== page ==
that the next step that I'm going to do is going to do that.
And that is to add my alpha amylase. Now I've got this thing at 155 degrees and it will remain such a turn that back Yep, for quite a while. More than enough time for those starches to be converted to fermentable sugars. Now this says it takes 1.1 to point three teaspoons per gallon and I've got four gallons in here give or take.
And so I'm going to use just about a teaspoon and This is one of those you don't have to get real
Specific enough is enough. So and again, our corn is just as thick as it was before we call it if not a little thicker. So what I'll do is I'm going to add this amylase and then I'm going to mix it. I'm just going to mix it around the corn and allow that to sit.
There we go and allow that to do his job. Now, you're your conversion, most of your conversion takes place in the first 2030 minutes.But we allow it to sit there for at least 60 minutes up to 90 minutes just to make sure that it's All finished. So what I'll do now, see if this would be the time. But you would need more water that you would put in the two row barley if you were not using amylase, okay, this would be the time.
But remember, you'd have to have more water in there for that to take place if we don't have that much water. So we're just going to use the amylase that I can get out of it. Little jar. I shall put the lid on that. Ah, sit back. Relax. We are going to wait for that to happen and when it does, we will be back and we'll test it. Well, you're ready to see the results. Let me show you what we've got. Remember how thick that was? Look at it now. We've extracted some of that out of there.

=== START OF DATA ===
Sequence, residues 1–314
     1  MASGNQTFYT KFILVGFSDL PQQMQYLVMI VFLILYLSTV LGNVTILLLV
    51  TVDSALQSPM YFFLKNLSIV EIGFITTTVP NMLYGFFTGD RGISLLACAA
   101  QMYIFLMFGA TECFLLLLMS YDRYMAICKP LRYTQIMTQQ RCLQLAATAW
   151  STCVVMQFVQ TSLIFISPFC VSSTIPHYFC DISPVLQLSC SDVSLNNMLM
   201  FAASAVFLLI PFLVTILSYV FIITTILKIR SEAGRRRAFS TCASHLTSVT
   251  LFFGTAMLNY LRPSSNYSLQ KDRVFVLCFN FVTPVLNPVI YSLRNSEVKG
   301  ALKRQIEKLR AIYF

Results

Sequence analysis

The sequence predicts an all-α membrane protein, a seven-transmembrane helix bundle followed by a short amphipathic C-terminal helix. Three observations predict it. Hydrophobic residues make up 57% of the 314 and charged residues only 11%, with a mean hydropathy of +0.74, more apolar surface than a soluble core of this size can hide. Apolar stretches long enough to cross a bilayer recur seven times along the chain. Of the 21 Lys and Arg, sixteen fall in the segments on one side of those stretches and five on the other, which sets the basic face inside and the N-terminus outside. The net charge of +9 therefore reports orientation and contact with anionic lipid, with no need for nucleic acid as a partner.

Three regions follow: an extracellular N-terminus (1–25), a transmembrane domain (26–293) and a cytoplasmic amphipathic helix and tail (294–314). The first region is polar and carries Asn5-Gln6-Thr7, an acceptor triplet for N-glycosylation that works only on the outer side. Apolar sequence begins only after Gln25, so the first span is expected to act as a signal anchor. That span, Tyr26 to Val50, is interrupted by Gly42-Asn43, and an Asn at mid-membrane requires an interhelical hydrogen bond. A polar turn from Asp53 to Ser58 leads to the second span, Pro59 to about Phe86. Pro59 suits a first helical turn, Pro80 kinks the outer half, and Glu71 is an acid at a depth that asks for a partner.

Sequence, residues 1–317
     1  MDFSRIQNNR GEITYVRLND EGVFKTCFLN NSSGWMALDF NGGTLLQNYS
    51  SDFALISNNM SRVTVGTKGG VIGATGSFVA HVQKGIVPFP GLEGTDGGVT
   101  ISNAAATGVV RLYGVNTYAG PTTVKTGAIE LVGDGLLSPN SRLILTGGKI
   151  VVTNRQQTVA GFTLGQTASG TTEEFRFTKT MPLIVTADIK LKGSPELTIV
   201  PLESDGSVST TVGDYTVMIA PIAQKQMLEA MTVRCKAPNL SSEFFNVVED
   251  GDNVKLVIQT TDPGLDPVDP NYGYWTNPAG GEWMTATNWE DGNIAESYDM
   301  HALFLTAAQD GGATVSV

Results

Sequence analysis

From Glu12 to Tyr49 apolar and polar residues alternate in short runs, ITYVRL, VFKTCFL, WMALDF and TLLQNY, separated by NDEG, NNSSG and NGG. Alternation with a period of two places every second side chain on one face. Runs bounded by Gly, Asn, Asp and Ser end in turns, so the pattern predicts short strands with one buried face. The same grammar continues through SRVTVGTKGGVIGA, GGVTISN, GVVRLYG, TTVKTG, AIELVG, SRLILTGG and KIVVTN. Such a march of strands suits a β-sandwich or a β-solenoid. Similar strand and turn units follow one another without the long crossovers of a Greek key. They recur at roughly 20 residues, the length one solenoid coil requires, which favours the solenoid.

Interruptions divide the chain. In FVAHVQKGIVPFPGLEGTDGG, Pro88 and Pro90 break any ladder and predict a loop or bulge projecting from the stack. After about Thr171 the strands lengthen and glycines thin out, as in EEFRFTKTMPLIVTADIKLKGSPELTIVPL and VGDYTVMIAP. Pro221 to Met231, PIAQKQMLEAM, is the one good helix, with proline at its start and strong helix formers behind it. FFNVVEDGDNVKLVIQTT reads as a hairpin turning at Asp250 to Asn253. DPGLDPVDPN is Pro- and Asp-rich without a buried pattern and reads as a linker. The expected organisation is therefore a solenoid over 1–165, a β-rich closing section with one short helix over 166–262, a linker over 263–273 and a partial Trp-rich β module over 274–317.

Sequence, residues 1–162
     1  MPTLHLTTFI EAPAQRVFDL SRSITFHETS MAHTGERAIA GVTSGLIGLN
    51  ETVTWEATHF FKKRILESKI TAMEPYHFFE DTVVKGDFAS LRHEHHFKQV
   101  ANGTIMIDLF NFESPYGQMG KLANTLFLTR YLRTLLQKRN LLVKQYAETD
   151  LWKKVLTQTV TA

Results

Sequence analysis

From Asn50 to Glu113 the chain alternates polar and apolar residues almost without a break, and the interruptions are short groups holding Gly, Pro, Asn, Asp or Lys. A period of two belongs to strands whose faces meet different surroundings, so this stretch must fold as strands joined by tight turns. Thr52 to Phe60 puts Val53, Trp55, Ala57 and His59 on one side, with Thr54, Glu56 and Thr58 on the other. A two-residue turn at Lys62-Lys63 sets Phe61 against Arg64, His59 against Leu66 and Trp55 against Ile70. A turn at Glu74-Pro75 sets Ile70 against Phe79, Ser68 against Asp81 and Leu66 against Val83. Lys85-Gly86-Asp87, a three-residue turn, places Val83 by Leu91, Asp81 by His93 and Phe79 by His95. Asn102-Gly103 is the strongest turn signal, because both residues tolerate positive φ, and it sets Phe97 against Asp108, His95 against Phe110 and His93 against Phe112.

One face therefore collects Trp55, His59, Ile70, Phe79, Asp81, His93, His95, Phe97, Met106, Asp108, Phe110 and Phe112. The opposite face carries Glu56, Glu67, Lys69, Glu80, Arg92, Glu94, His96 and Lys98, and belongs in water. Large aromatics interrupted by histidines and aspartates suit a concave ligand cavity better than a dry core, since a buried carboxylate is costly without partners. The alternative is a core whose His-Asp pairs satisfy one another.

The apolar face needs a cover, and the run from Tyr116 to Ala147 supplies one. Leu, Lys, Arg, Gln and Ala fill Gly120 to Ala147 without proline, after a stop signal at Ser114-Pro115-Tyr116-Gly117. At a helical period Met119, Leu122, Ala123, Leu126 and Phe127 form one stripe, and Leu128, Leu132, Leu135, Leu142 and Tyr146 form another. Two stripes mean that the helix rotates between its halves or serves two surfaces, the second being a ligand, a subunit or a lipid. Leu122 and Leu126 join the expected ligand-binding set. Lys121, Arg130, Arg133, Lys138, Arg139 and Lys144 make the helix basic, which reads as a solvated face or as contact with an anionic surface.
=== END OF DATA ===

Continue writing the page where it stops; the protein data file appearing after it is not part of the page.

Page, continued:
And now this is the liquid and I want to show you what the results are now because I've got it in the shop class so it's a little bit easier to see. But if we drop in a draft and you look at that, give it a shake and look at it dissipate. It almost turns to just like a light, lightest purple color.
That is an indicator of starches converted to fermented sugars. Now that we've got our conversion complete and I've got this thing lifted and set, it's time to just start rinsing and this is how we're going to add the liquid necessary to ferment and at the same time we're using this to rinse out all of those fermentable sugars out of those out of that flake corn. This will take a while only because it's a flake product that's why flake corns it's not. It's good, but it's kind of difficult to use because it is. Oh, it gets so mushy, that it kind of compacts here that is you move around a little bit it starts to run through.
So we'll be back shortly. You know, I get excited every time I do this. This is so cool. Um, I'm using color Water. Now, it's a rinse sparge rinse the greens, because what's my next step is to ensure that I can drop the temperature down. Now, I've got to get down below 90, so I could pitch East when the time comes.